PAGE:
Academic-industry collaboration designed to improve computer models used to guide pharmaceutical drug discovery
BLACKSBURG, Virginia, November 13, 2018 // — Today, the Molecular Software Sciences Institute (“The MolSSI”) announced the launch of The Open Force Field Consortium (“OpenFF Consortium”), an academic-industry collaboration designed to improve computer models used to guide pharmaceutical drug discovery.
This effort, which was spearheaded by scientists from the University of California Irvine, Bayer, and GSK, brings together academic and industry collaborators to improve the basic infrastructure used by computer modeling in drug discovery. Pharmaceutical discovery has grown more and more expensive. We need improved tools to help reduce costs and increase the pace of discovery. This new initiative aims to improve the predictive power of models used to guide drug discovery, specifically by building better energy models to improve model accuracy.
The consortium brings together researchers from across academia and industry to create an entirely open force field platform. While supported by the pharmaceutical industry, all its research and products will be fully open and available to everyone, serving to benefit the entire field.
Commercial Partners provide the primary support for the work. Initial partners include BASF; Bayer; Boehringer Ingelheim; Vertex Pharmaceuticals; Merck KGaA, Darmstadt Germany; XtalPi; and F. Hoffman-La Roche Ltd. Opportunities remain open for more partners to join. The MolSSI serves as a coordinating intermediary, helping to ensure the developed software is broadly useful and sustainable. Other academic partners helping lead the research include UC San Diego, UC Davis, and the University of Colorado Boulder. Industry partners give key scientific input and are involved in steering the Consortium.
“Force fields represent the foundation of molecular simulations and modeling — a real community resource. Everyone uses them, but improving them is an often unglamorous task. We’re very excited that our industry partners recognize the importance of this problem and have joined us to help support this important initiative, so that we can improve modeling as a whole,” said David L. Mobley (UC Irvine), one of the Principal Investigators.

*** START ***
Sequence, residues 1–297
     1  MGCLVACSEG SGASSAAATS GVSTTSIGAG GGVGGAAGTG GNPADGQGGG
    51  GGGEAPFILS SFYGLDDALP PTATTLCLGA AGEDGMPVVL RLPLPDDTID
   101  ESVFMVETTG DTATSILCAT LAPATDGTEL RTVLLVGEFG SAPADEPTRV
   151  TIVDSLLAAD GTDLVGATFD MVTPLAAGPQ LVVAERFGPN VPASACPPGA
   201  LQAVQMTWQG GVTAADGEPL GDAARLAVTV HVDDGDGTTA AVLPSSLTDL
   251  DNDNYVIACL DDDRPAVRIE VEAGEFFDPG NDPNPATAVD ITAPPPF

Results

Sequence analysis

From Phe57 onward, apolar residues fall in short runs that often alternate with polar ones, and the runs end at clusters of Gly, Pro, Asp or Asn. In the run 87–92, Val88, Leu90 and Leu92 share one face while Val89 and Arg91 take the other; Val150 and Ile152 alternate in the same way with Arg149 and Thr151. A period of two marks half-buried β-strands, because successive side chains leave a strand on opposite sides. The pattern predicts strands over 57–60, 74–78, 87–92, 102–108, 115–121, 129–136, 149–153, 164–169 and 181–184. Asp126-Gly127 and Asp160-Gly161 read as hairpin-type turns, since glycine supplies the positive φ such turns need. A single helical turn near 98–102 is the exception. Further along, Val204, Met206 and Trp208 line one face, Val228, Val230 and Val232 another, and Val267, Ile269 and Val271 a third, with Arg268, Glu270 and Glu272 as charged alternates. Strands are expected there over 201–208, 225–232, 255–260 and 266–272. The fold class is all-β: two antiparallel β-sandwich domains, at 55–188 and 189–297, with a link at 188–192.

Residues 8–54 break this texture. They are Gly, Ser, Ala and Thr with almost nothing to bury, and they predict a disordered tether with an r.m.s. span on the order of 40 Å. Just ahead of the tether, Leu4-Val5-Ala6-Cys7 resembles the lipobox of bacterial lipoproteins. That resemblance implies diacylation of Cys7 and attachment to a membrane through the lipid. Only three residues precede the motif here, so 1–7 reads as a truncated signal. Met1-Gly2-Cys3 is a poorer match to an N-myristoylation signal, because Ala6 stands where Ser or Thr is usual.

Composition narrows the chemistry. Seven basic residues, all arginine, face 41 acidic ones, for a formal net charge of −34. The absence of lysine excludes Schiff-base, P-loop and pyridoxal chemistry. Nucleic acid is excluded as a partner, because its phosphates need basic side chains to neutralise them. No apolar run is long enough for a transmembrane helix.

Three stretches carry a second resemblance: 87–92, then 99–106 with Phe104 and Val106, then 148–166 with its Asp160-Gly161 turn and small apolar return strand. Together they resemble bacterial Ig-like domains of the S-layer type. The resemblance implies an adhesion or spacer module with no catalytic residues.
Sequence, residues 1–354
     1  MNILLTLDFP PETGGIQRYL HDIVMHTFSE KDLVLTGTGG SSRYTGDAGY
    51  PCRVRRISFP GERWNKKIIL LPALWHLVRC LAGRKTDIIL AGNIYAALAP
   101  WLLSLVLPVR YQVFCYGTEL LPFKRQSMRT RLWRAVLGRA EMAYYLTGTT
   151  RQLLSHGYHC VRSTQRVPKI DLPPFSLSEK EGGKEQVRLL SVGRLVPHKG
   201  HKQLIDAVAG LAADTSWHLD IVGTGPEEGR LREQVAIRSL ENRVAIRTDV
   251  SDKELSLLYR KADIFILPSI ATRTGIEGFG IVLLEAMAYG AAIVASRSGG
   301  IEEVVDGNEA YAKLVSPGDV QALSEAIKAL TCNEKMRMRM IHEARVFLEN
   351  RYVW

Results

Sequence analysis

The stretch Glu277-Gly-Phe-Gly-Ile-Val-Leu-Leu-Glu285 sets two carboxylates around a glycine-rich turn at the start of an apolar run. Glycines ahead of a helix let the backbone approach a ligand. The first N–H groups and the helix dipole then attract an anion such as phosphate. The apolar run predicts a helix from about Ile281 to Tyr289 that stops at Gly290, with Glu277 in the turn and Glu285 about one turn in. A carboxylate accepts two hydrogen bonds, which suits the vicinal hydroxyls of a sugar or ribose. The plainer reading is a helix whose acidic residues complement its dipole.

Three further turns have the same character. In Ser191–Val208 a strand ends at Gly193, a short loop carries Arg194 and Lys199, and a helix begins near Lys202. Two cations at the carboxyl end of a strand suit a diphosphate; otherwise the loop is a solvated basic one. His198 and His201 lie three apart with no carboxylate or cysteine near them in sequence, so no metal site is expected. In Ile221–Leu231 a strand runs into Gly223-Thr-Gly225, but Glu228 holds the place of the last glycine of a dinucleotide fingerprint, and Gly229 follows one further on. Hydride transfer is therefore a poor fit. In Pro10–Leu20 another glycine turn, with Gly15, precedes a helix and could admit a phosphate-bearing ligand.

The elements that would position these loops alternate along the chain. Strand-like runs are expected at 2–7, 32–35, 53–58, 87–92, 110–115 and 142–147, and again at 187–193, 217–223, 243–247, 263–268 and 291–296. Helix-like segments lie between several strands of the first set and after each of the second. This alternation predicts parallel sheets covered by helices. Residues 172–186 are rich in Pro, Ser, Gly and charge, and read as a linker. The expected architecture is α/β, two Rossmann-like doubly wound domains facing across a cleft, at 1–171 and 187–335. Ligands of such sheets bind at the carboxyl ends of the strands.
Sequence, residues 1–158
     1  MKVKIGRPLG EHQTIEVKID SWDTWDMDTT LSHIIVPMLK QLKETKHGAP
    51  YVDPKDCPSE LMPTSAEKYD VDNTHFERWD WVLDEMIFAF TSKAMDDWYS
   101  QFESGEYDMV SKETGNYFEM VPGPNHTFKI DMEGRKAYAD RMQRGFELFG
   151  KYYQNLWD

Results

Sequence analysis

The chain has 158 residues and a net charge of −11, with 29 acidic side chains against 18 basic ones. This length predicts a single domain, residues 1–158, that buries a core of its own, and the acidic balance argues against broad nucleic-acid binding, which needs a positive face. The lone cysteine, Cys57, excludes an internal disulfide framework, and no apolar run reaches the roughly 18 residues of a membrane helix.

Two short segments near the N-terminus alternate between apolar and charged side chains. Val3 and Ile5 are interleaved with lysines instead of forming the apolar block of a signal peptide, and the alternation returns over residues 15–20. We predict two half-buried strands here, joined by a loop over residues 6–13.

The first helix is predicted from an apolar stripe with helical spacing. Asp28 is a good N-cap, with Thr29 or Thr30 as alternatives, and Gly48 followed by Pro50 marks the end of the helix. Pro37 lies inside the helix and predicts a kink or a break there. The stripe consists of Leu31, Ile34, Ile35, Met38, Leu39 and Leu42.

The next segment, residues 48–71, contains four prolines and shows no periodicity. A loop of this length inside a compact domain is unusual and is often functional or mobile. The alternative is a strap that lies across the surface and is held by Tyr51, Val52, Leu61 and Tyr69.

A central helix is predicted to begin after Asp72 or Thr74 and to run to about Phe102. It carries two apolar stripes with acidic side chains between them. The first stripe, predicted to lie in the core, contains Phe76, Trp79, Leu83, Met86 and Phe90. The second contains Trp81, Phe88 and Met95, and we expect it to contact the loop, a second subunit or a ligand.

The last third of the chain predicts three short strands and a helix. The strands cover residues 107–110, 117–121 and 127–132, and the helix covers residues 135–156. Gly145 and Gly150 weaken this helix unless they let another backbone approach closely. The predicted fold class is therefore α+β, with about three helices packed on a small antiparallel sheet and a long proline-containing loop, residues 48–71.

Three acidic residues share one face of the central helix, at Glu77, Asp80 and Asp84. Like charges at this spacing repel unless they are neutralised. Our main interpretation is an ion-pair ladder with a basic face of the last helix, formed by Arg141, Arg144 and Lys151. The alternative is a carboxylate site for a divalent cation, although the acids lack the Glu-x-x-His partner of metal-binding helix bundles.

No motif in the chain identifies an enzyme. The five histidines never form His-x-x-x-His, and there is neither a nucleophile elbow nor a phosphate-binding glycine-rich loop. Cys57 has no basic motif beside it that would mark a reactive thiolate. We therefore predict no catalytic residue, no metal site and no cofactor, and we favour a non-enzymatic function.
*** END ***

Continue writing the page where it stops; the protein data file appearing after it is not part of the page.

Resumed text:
The MolSSI at Virginia Tech is funded by the U.S. National Science Foundation and serves as a coordinating intermediary, helping to ensure the developed software is broadly useful and sustainable. “The MolSSI is proud to facilitate the industrial-academic connections represented by the Open Force Field Consortium,” said T. Daniel Crawford, professor of chemistry in the College of Science at Virginia Tech, and director of The MolSSI. “This falls squarely within our mandate to provide the global computational molecular sciences community the tools it needs to explore larger and more complex scientific challenges than ever before.”
For more information about the Open Force Field Consortium, visit http://openforcefield.org. OpenFF is also seeking potential additional funding from foundations and federal agencies, and welcomes additional commercial partners interested in joining in support of the initiative. For more information about the MolSSI, visit http://molssi.org.
Sarah Holland, Blue Mobius Marketing